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Handbook of Research on Energy Entrepreneurship

Handbook of Research on Energy Entrepreneurship

Elgar original reference

Edited by Rolf Wüstenhagen and Robert Wuebker

This timely Handbook provides an excellent overview of our knowledge on the drivers, influencing factors and outcomes of energy entrepreneurship. As the world grapples with global resource crunches and fights to reap the rewards of new energy technologies, a wide space for entrepreneurial opportunity has emerged. The Handbook of Research on Energy Entrepreneurship offers critical insight on how nations the world over can make full use of those opportunities.

Chapter 12: How do Business Models Impact Financial Performance of Renewable Energy Firms?

Moritz Loock

Subjects: business and management, entrepreneurship, organisational innovation, innovation and technology, organisational innovation, technology and ict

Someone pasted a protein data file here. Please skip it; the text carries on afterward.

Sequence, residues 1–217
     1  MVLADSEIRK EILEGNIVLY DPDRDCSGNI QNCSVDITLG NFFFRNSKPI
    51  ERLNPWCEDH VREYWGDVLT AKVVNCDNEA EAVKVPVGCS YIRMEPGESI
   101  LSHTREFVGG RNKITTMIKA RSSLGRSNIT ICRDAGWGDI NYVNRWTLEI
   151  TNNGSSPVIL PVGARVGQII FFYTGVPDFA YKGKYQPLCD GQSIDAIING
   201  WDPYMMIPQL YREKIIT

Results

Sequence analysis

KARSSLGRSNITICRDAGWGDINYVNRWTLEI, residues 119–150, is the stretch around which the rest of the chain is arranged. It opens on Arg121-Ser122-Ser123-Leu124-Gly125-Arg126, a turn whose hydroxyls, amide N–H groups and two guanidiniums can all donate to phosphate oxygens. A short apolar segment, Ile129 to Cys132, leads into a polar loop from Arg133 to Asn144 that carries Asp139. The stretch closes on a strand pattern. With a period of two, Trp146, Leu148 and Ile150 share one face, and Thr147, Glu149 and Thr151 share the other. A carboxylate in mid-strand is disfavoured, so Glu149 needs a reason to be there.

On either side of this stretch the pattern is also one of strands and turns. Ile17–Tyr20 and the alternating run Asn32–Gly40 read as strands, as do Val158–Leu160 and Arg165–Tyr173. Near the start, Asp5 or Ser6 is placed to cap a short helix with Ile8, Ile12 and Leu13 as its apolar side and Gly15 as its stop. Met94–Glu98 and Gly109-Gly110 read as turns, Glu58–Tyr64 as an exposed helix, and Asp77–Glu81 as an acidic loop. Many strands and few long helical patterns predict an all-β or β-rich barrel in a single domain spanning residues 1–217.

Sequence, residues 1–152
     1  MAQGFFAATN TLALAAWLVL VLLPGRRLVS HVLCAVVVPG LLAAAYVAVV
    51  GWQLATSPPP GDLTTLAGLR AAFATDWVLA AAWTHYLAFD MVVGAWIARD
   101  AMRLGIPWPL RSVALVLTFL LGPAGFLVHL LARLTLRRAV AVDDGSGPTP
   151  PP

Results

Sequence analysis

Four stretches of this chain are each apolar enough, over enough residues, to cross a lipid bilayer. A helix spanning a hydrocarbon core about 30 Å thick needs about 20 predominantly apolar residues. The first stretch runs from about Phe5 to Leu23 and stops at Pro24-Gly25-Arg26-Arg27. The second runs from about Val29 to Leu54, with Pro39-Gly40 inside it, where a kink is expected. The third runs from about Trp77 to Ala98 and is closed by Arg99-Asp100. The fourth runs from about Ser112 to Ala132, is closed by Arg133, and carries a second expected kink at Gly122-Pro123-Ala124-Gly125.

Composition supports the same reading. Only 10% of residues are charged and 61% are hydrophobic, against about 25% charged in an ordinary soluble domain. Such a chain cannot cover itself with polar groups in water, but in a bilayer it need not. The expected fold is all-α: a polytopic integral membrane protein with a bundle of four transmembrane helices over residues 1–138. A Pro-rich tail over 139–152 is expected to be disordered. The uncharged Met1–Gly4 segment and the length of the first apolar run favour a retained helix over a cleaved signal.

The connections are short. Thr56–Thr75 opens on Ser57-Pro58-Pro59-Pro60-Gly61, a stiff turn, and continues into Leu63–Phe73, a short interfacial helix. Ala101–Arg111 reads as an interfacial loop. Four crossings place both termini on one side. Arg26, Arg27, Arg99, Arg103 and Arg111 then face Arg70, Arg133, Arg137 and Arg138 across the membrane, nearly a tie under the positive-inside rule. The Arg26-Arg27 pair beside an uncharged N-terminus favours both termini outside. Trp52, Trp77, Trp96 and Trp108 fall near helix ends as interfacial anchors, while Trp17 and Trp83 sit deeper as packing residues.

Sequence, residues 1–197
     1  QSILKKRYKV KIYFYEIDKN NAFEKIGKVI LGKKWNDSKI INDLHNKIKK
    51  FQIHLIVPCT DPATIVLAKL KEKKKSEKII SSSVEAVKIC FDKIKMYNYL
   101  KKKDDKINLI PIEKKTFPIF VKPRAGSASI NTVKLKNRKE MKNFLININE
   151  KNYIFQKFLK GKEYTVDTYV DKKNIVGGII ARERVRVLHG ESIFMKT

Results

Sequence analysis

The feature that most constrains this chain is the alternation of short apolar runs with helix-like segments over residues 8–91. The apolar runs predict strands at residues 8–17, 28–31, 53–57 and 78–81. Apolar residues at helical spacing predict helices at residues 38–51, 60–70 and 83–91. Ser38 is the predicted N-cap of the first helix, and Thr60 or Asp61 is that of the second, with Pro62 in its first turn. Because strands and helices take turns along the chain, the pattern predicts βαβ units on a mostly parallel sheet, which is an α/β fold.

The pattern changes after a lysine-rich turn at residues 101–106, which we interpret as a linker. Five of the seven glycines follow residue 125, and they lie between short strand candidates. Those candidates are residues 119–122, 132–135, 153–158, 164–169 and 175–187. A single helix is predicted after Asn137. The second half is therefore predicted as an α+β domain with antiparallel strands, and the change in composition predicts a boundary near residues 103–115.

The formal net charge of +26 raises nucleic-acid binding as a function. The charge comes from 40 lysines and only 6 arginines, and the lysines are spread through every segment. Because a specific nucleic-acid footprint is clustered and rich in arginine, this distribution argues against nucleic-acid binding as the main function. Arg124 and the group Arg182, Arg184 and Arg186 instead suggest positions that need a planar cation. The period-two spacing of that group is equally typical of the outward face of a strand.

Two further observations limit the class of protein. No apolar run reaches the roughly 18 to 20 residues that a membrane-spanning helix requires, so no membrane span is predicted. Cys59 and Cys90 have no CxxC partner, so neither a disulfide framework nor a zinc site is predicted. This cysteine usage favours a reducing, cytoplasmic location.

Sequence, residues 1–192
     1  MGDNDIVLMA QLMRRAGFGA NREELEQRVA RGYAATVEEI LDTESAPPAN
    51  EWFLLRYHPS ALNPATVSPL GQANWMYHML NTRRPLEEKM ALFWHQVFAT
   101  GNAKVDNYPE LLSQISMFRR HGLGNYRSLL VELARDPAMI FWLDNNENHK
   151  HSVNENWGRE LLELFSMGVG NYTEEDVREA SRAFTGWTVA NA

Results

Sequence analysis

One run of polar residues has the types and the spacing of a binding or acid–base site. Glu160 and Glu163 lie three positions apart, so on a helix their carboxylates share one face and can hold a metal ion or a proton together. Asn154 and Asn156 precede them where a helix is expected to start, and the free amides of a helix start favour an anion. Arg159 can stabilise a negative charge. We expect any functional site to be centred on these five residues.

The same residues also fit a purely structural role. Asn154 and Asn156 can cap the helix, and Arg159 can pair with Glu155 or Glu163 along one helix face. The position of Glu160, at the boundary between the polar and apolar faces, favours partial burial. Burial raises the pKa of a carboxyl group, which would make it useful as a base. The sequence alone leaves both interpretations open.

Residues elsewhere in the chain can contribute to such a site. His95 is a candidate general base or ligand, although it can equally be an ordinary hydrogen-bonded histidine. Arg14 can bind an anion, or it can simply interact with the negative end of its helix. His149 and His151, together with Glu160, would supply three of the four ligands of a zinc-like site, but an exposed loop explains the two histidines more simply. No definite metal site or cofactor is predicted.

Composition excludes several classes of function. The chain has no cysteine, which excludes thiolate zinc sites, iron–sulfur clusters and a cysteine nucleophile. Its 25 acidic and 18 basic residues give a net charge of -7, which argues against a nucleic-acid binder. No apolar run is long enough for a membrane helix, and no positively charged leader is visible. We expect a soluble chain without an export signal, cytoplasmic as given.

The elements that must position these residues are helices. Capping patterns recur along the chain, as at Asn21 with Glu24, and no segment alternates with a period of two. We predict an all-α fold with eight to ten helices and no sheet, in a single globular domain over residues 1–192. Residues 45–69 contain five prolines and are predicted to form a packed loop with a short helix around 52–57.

Moritz Loock 1 INTRODUCTION Market observation indicates that financial performance of renewable energy firms varies. By the same token, analyst reports and forecasts predict performance differences (for example, Deutsche Bank, 2009; OppenheimResearch, 2009). Yet there is limited empirical evidence suitable to explain such differences. However, financing is one of the most important bottlenecks for the diffusion of renewable energy (UNEP et al., 2008); by nature, investors are curious about firm performance, which highlights the relevance of research being done in that area. In line with current literature, we assume that different business models would explain differences in firm performance. In recent years, academics have proposed business models for analyzing firms (Chesbrough and Rosenbloom, 2002; Magretta, 2002; Hedman and Kalling, 2003; Morris et al., 2005; Osterwalder et al., 2005; Schweizer, 2005; Casadesus-Masanell and Ricart, 2007) and firm performance (Weill et al., 2005; Zott and Amit, 2007, 2008). Scholars also point to the high relevance of business model choice for matters of investor relations and fundraising (Shanley, 2004). A business model has been defined as ‘a mediator between technology and economic value creation’ (Chesbrough and Rosenbloom, 2002: 532). This commonly covers three aspects: a meaningful value proposition for customers, a suitable delivery configuration to fulfill the value proposition and a value-creating logic; hence the revenue model (ibid.: 533; for example, Morris et al., 2005: 729–31; Zott and Amit, 2008: 5). Hereby, scholars often refer to business models within a context of innovation and change (Mitchell and Coles, 2003; Yip, 2004; Chesbrough,...

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